It isn’t too far gone…depending on the definition.

Let’s get one thing straight from the jump…the Memphis Grizzlies aren’t tanking (at least purposely) just yet.

The firing of David Fizdale was not done with the goal of tossing this season to the side. J.B. Bickerstaff has been handed the reins of this fractured and injury-weakened roster to try to save a season, not sink it. The end game may change a month or two from now, and a large piece of that will come down to the physical health of Mike Conley and the mental state of a Grizzlies locker room that is clearly reeling.

But that is not where we are today. Today, we are starring down the barrel of a losing streak that could easily be at 11 games by the end of the weekend. And no matter what changes or adjustments Bickerstaff makes, he may just not have the horses to stop that.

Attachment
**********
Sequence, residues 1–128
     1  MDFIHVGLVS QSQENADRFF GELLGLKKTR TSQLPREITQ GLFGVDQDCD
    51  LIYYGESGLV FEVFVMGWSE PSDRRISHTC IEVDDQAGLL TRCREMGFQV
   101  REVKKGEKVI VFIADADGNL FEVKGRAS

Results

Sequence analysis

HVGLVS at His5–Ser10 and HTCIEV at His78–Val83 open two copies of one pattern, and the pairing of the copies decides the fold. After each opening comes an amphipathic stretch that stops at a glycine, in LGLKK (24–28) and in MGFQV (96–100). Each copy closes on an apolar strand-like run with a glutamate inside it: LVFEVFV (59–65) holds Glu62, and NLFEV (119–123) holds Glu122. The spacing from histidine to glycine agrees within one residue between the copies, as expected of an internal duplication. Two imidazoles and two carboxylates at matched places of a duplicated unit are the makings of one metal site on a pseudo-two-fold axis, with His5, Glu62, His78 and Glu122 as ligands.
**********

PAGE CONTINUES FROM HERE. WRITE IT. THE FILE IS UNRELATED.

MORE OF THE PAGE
But other Western Conference playoff hopefuls are dealing with injuries, and Memphis is only three games out of the final playoff spot in the west as of this writing. This is not the place for debating whether fighting for that is a worthwhile cause – that is a separate conversation for another time. As stated above, for the time being the organization hopes to get back in that mix.

How can they do it, outside of getting Mike Conley back? While Bickerstaff is fighting quite the uphill battle on this front, it can be done.

Here is how.

Go super small with James Ennis III more often

NBA: Memphis Grizzlies at San Antonio Spurs
Soobum Im-USA TODAY Sports

When perusing some of the Grizzlies best five-man lineups so far this season, something that jumps out is that several of them include James Ennis III in what would be traditionally considered the “power forward” role. Some examples-